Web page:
The legislation says a state’s eligibility and renewal procedures for the program can’t be more limiting than they were on July 1, 2008. But as part of the state budget deal enacted last September, California required that children report on their eligibility for Medi-Cal twice a year instead of once a year; it was a cost-cutting measure, expected to save the state $25 million this fiscal year. Critics said the added paperwork would lead to more than 58,000 California kids losing their Medi-Cal coverage this year – and more than 260,000 by the end of 2011 – while forcing counties to pick up more of their health-care costs.

    This must be rolled back if California is to get the higher federal reimbursements for Medi-Cal – an increase in the Federal Medical Assistance Percentages from October 2008 through the end of 2010 – under the economic stimulus legislation.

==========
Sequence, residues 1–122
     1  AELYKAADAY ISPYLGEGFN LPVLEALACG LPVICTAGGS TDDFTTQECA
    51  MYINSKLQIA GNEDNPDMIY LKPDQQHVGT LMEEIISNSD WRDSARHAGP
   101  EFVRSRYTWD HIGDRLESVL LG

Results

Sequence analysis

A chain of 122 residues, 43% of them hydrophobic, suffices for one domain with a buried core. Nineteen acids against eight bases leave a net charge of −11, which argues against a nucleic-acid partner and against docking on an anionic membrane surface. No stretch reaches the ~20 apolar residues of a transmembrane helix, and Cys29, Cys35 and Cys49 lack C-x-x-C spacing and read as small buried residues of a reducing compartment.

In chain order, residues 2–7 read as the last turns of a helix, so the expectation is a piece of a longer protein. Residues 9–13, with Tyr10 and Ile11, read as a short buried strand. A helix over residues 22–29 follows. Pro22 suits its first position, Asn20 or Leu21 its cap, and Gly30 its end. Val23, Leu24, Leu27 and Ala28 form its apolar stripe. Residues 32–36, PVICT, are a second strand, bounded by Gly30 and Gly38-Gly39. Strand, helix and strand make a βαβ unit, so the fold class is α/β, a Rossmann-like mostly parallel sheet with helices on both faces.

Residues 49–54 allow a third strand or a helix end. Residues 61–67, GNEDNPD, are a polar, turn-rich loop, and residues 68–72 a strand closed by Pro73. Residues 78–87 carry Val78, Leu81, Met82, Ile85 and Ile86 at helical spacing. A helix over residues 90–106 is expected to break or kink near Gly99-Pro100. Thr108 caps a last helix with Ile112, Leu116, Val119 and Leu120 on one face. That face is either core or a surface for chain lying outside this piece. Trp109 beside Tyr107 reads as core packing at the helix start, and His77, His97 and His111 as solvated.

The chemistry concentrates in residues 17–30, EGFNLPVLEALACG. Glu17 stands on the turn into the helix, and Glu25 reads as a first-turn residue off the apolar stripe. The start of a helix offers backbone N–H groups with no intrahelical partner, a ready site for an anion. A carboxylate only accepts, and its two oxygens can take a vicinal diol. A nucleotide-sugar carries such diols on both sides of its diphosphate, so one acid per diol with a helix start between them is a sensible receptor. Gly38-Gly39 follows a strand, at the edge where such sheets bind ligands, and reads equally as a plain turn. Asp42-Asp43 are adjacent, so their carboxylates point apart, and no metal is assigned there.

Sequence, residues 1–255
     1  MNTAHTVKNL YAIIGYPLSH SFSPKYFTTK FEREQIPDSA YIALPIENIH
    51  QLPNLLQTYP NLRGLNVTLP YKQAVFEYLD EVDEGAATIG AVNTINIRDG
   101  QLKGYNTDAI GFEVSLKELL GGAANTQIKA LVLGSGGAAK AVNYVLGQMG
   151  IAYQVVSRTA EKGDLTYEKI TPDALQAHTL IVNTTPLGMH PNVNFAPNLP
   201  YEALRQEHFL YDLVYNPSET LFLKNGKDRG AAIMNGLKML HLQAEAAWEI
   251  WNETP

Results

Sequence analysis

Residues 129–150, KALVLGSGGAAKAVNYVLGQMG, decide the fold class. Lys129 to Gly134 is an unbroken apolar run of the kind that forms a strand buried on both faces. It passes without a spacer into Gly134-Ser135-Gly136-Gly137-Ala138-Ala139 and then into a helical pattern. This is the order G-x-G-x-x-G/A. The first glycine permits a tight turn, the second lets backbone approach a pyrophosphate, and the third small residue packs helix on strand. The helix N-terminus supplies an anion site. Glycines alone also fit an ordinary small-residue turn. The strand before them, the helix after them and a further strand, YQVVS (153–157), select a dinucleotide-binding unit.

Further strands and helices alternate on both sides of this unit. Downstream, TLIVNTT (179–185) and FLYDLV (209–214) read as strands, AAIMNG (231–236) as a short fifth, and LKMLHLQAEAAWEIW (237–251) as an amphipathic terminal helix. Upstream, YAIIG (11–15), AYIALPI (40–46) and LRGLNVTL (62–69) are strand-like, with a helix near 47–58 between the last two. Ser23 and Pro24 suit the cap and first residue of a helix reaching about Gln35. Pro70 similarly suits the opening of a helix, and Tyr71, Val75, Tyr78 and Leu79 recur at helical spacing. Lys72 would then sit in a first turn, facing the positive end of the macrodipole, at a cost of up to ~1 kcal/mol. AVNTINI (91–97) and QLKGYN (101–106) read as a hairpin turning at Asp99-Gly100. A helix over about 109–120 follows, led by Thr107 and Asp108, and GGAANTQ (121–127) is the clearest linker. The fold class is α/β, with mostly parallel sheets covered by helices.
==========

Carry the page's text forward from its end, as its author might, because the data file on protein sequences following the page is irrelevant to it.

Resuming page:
“This is another great opportunity for state lawmakers to maximize federal assistance,” said CMA president Dr. Dev GnanaDev. “Restoring Medi-Cal’s eligibility rules makes smart fiscal sense and means more Californians will receive the health care they need.”

    State Senate Health Committee chairwoman Elaine Alquist, D-Santa Clara, has been tied up all day today in the state budget fracas, but sent me this statement tonight:

    “I absolutely support eliminating any hurdles to bringing money to California. In fact, I am introducing legislation to repeal the semi-annual eligibility reporting requirement for children so that we can bring in the approximately $11 billion that the federal stimulus bill holds for California’s Medi-Cal program.”